image of Vladimir Vladimirovich Nabokov

Vladimir Vladimirovich Nabokov

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Despite its lascivious reputation, the pleasures of Lolita are as much intellectual as erogenous. It is a love story with the power to raise both chuckles and eyebrows. Humbert Humbert is a European intellectual adrift in America, haunted by memories of a lost adolescent love. When he meets his ideal nymphet in the …

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Like Lolita, Vladimir Nabokov's Pale Fire is a masterpiece that imprisons us inside the mazelike head of a mad émigré. Yet Pale Fire is more outrageously hilarious, and its narrative convolutions make the earlier book seem as straightforward as a fairy tale. Here's the plot--listen carefully! John Shade is a homebody …

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One of the best-loved of Nabokov’s novels, Pnin features his funniest and most heart-rending character. Professor Timofey Pnin is a haplessly disoriented Russian émigré precariously employed on an American college campus in the 1950s. Pnin struggles to maintain his dignity through a series of comic and sad …

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Published two weeks after Vladimir Nabokov’s seventieth birthday, Ada, or Ardor is one of his greatest masterpieces, the glorious culmination of his career as a novelist. It tells a love story troubled by incest, but it is also at once a fairy tale, epic, philosophical treatise on the nature of time, parody of the …

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Invitation to a Beheading is a novel by Russian American author Vladimir Nabokov. It was originally published in Russian from 1935 to 1936 as a serial in Contemporary Notes, a Russian émigré magazine. In 1938, the work was published in Paris, with an English translation following in 1959. The novel was translated into …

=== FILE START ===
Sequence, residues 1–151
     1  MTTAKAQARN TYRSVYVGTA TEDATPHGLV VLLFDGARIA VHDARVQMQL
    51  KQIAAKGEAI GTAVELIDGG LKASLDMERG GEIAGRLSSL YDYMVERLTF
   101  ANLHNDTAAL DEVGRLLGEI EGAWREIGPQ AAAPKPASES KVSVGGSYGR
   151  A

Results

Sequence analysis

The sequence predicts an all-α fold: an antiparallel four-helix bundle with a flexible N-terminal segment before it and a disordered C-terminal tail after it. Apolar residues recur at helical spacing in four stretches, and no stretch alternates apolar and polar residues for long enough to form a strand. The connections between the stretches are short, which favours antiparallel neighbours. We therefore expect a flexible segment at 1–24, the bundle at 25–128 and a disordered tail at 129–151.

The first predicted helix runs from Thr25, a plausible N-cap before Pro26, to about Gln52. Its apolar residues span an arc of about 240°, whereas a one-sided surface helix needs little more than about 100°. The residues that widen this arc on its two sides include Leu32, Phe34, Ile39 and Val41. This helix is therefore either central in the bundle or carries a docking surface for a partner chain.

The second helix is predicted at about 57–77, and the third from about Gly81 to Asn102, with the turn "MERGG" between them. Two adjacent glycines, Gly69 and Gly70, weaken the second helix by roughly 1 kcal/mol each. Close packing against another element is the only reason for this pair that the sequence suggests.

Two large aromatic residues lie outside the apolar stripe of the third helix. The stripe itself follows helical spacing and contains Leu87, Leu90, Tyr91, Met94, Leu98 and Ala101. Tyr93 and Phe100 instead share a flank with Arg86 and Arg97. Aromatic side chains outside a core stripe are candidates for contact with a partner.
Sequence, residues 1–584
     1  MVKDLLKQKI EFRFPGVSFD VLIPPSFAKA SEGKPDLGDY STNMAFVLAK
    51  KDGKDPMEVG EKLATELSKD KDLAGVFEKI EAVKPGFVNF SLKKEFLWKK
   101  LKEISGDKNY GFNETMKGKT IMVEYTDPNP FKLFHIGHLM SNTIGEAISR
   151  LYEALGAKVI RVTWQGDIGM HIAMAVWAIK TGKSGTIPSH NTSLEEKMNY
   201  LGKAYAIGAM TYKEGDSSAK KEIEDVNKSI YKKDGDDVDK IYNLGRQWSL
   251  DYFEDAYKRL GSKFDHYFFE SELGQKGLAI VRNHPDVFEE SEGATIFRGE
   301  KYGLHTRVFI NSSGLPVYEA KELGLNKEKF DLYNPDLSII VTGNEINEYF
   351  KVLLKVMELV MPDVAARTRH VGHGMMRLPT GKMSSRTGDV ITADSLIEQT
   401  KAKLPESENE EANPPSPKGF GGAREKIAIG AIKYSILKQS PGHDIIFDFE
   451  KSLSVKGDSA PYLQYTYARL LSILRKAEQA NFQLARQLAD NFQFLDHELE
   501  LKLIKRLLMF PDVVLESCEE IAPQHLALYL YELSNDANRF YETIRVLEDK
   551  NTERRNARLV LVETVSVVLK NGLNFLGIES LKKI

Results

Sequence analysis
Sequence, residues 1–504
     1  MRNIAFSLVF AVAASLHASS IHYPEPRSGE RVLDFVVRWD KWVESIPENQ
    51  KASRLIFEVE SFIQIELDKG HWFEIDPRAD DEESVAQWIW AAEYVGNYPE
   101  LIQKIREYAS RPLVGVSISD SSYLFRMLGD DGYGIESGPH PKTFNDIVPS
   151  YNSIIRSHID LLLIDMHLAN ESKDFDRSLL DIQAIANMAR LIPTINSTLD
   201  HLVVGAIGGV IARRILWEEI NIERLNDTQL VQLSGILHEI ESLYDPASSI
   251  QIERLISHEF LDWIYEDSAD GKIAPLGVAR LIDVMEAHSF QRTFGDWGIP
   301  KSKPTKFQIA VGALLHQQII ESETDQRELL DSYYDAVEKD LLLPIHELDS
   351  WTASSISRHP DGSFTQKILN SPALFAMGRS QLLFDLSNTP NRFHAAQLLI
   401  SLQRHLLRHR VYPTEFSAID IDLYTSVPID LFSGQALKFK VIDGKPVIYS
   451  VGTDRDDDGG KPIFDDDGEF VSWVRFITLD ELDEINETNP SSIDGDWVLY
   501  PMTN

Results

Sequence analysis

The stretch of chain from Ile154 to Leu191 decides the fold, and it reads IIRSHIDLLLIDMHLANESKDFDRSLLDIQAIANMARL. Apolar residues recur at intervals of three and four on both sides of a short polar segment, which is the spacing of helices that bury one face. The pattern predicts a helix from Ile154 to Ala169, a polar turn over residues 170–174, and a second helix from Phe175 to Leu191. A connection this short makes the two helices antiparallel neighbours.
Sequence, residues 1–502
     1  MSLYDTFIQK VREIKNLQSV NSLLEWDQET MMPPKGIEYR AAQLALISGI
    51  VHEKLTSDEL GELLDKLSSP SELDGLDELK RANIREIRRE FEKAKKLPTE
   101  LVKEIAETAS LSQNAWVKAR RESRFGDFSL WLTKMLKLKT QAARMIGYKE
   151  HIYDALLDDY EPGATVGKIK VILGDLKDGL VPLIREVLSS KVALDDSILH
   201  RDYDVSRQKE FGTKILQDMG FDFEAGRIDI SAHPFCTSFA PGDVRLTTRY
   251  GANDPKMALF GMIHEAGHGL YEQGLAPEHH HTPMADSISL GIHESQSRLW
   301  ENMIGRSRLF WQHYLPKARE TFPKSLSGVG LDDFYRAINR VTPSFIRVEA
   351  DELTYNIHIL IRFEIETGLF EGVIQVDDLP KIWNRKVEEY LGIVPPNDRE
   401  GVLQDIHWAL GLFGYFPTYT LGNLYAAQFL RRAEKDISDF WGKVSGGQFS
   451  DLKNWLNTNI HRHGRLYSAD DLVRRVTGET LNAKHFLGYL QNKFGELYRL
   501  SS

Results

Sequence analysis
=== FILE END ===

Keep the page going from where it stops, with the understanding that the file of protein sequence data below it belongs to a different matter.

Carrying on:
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Speak, Memory, first published in 1951 as Conclusive Evidence and then assiduously revised in 1966, is an elegant and rich evocation of Nabokov’s life and times, even as it offers incisive insights into his major works, including Lolita, Pnin, Despair, The Gift, The Real Life of Sebastian Knight, and The Luhzin …

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Nabokov's third novel, The Luzhin Defense, is a chilling story of obsession and madness. As a young boy, Luzhin was unattractive, distracted, withdrawn, sullen--an enigma to his parents and an object of ridicule to his classmates. He takes up chess as a refuge from the anxiety of his everyday life. His talent is …

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Laughter in the Dark is a novel written by Vladimir Nabokov and serialised in Sovremennye Zapiski in 1932. The first English translation, Camera Obscura, was made by Winifred Roy and published in London in 1936 by Johnathan Long, the paperback imprint of Hutchinson Publishing, with the author credited as Vladimir …

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From the writer who shocked and delighted the world with his novels Lolita, Pale Fire, and Ada, or Ardor, and so many others, comes a magnificent collection of stories. Written between the 1920s and 1950s, these sixty-five tales--eleven of which have been translated into English for the first time--display all the …

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Despair is the seventh novel by Vladimir Nabokov, originally published in Russian, serially in the politicized literary journal Sovremennye zapiski during 1934. It was then published as a book in 1936, and translated to English by the author in 1937. Most copies of the 1937 English edition were destroyed by German …